We have no argument with you, go in peace, return to your ancestors, your service is complete. I will speak with the man who sent you.

They look at each other and decide to leave. So far so good, that part was relatively easy.

Sorry about the language, I was out of line. Nicki telepaths.

Just take a breath before you speak, it’s appropriate to be respectful, even if you don’t like what’s happening. It always buys us time, which is useful.

OK is that it? Are we done?

Not quite… I respond as I notice a willy-willy heading towards us across the dry scrub. 

We are about to meet the man who sent them. 

Stand behind me.

The wind comes to a stop in front of us; as the dust clears, in its centre is the old, white-haired man we saw earlier. He is not happy.

You fellas, what you doing here? In this place? You not supposed to be here. How come you here? Interfering with my work.

We are here to make peace, this has gone on long enough, this woman is not responsible for her father’s actions.

I make this curse, it last a long, long time. It goes father, daughter, grandson. This man, her father, was a bad man. He deserves this.

Maybe HE does. But he’s dead now. His offspring do not deserve to be cursed for his actions.

What do you know white fella? Why are you putting your nose in here?

I’m here to help. 

I realise from this man’s attitude that he is dead but he has not gone home to his ancestors or as we would say “home to light”. He is stuck, he is an earthbound spirit, held here by his righteous anger at the way he and his relatives were treated by Nicki’s father.

What year is it? I ask knowing that he will be stuck in the year he died.


Do you realise you’re dead?


Don’t try any tricky white fella stuff with me.

Okay, you think you are in a trance, where is your body? Try to go back to it now. It is dust, it is long gone.

The old man pauses and sits on the ground cross-legged closing his eyes. He is still for a while, then he opens them.

This don’t change anything. That white fella, bad man. He deserves all he get.

This anger is holding you in a stuck place. Wouldn’t you like to go home? And join your ancestors?

The old mans cogitates.

Nicky, call your father three times invite him to join us.

She does so and her father appears next to us, it is an emotional reunion that takes Nicki completely by surprise.

Dad, where have you been?

It’s okay darlin’, the relatives were waiting for me when I passed. I know I did a lot of bad things in my life and I’m happy to come back and experience them all when the time is right. It’s time for me to sort this out with this old bloke. And with you too. I am sorry, I was not the best father.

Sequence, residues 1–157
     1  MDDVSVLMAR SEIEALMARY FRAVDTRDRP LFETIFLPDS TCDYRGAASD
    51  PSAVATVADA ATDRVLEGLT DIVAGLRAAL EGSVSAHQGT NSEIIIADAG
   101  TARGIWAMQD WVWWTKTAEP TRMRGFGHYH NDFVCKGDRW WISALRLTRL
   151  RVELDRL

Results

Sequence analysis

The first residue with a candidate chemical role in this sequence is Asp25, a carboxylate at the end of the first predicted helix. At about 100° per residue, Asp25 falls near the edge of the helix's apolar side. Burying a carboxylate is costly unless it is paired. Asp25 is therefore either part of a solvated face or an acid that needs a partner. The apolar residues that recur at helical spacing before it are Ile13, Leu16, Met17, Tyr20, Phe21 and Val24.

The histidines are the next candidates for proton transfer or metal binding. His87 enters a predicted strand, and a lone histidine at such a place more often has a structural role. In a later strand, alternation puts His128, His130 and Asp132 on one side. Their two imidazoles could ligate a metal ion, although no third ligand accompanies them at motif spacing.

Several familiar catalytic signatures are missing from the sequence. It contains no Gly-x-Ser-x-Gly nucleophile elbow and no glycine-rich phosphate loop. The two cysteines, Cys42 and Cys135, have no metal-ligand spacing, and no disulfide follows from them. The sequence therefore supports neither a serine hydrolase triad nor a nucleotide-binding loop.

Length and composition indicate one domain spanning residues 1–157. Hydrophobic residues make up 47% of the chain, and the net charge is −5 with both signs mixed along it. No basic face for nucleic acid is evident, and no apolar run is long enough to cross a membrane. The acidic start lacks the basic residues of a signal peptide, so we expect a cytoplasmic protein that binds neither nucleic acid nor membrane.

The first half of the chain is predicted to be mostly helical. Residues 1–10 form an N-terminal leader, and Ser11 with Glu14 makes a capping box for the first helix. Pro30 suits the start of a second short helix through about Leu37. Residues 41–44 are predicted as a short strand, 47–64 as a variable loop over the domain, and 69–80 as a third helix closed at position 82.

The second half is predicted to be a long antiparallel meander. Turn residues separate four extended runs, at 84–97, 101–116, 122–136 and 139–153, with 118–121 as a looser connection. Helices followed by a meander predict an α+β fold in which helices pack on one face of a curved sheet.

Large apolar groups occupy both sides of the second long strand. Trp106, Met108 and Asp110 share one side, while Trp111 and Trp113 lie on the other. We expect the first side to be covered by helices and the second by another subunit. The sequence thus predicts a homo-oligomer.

They embrace and there are lots of tears. I can see that despite his failings she still loves him very much. Her father then kneels in front of the old aboriginal man and begs for his forgiveness. It is not easily given, they have a long dialogue, but eventually it comes.

I ask the old man to take back the curse and he obliges. In his ancient language with an archaic ritual he undoes the curse he placed on Nicki’s father and his lineage. When that is done I call three times on the ancestors of the place we are in. It is a happy reunion; as they depart one of them turns to me. Standing still he makes eye contact with me and nods, respectfully.

You, kadaitcha man. Lawman, you. 

He smiles, perfect white teeth and sparkling eyes set off against dark, dark skin.

Nicky looks at me perplexed as he leaves.

Are those tears in your eyes?

No, It’s just the sun and the wind.

This old man has just paid me the greatest compliment I could imagine from one of his culture. Most non-Aboriginals might know the kadaitcha man as the bone pointing sorcerer, but there is more to it than that. He has described me as a healer and spiritual lawman in its purest sense, one who upholds justice with humility. 

It is such an honour I am moved to tears.

All stories are © 2019 Raym Richards and are extracted from his book “Sprit World. A diary of an Urban Shaman” available through iBooks and Amazon or directly from Crystal Dreaming